Information on Chrysotile White Asbestos

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Information on Chrysotile White Asbestos
Chrysotile is heat-resistant and used to be used in items from asbestos cement to oven gloves. (tray of fresh baked chocolate chip cookies image by nextrecord from Fotolia.com)

White asbestos fibres resist heat and fire more than any other asbestos type and are the softest fibres, making them the most easily woven. As a result, white asbestos was the most commonly used form of asbestos in a wide variety of household, industrial and commercial products.

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Definition

Asbestos is a naturally occurring fibrous mineral with heat-resistant properties that people have taken advantage of since Roman times. According to the International Ban Asbestos Sectretariat, chrysotile, or white asbestos, has long, curly fibres that resist acid in addition to heat. The Asbestos Awareness Center indicates that the main countries mining chrysotile include Canada, Russia and Italy.

Historical Uses for Chrysotile

According to Chrysotile.com, chrysotile asbestos has been used for more than 2,000 years, with ancient peoples using it for burial cloths, wicks for oil lamps and in other forms of cloth. In 1904, production of sheets of cement containing chrysotile began, and during World War II manufacturers began using chrysotile asbestos along with the other forms in insulating materials for brake pads, spray coatings and various types of automobile gaskets. The Mesothelioma Law Center says its use expanded to include ironing board covers, hot mitts, hair dryer insulation and even cigarettes.

Medical Conditions

Mining companies argue that the body can clear chrysotile asbestos fibres from the lungs and that as a result, chrysotile asbestos poses no health risk. In a paper titled "Undeniable Facts about Chrysotile," its proponents claim that not only does chrysotile have less risk than other forms of asbestos, but also that at low exposure levels, it produces no risk at all. Doctors and scientists counter with the statement that all forms of asbestos cause cancer. According to Mesothelioma.com, a site about asbestos-related cancers, doctors say no amount of asbestos of any form is safe. In 2007 Occupation and Environmental Medicine published a follow-up study of chrysotile asbestos textile workers in South Carolina. The doctors and researchers concluded that the study confirmed the findings from previous investigations of increased risk of death from lung cancer and asbestosis and a strong correlation between exposure to chrysotile and mortality from lung cancer and asbestosis.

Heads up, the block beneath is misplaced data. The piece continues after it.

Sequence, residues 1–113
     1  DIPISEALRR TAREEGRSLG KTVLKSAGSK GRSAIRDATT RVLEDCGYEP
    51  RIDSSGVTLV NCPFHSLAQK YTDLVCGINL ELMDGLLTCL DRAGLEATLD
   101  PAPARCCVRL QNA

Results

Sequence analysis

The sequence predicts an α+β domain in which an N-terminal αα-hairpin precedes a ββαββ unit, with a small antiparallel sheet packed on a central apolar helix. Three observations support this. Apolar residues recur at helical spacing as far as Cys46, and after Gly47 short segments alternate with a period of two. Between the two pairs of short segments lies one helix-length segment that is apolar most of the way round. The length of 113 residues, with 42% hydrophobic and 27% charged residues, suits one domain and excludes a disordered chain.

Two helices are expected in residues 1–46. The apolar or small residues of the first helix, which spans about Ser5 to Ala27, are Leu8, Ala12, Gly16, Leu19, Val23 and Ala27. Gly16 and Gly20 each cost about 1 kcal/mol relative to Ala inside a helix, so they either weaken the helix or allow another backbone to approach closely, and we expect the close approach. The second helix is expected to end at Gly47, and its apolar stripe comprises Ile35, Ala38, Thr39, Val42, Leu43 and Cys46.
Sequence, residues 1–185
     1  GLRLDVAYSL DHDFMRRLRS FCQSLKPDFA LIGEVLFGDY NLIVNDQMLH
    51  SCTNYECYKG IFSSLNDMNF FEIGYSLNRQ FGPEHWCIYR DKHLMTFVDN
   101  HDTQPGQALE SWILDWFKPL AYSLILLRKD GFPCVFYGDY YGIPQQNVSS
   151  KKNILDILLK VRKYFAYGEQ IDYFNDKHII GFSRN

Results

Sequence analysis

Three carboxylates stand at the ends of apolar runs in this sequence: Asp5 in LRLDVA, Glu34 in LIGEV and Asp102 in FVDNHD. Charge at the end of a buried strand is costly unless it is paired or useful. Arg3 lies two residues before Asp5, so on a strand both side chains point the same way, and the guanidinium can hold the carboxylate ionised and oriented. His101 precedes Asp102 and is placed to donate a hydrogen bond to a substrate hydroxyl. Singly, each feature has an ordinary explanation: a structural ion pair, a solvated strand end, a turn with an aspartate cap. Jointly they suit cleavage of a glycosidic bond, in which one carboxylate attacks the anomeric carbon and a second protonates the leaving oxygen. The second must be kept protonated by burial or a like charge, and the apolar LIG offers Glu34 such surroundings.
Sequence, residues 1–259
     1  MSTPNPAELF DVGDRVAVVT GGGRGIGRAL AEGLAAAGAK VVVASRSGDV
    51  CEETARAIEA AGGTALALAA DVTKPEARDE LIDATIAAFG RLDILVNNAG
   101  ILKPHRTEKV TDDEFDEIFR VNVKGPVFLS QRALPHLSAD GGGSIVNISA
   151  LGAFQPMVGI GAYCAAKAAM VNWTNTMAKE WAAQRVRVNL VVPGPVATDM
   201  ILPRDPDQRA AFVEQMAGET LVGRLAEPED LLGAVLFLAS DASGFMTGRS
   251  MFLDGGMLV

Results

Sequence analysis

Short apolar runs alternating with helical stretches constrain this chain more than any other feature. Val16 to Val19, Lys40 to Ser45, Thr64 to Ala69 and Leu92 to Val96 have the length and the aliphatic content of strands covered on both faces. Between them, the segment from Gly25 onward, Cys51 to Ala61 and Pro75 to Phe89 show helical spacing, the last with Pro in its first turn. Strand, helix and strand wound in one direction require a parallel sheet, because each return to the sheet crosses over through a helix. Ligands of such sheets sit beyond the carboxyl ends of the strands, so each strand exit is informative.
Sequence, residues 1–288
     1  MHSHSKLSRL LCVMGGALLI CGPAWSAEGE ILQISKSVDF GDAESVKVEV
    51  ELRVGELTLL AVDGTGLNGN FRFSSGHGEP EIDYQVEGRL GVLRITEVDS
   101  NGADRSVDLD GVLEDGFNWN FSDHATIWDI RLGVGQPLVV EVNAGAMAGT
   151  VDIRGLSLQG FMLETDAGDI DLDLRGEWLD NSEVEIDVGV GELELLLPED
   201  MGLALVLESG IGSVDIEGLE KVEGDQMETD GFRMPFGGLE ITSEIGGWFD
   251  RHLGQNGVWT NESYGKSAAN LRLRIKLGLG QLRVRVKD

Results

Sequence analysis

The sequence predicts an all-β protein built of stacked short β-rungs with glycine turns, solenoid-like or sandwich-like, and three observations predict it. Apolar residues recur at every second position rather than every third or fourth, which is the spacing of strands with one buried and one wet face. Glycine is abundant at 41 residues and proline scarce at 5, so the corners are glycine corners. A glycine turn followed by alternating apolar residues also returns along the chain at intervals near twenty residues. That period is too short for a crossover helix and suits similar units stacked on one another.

Removal of Chrysotile

Since the late 1990s chrysotile manufacturers have learnt to use chrysotile in such a way that it does not crumble or create dust. The Natural Handyman points out that even the Environmental Protection Agency and the Occupational Safety and Health Association only consider asbestos dangerous when airborne. Thus, encapsulated asbestos is not dangerous and does not require removal.

Where asbestos must be removed, however, a professional must do the job. Do-it-yourself asbestos removal is a bad idea as well as illegal.

Laws Involving Chrysotile

Laws in the United States do not distinguish among the types of asbestos. In the 1970s, the Consumer Product Safety Commission banned asbestos for use in compounds used to patch walls. Hair dryer manufacturers voluntarily removed asbestos from their products during the 1970s as well. In 1989, the Environmental Protection Agency banned asbestos use in new products. Although several legislators have introduced legislation that would completely ban asbestos in the United States, as of 2010 no such complete ban has passed.

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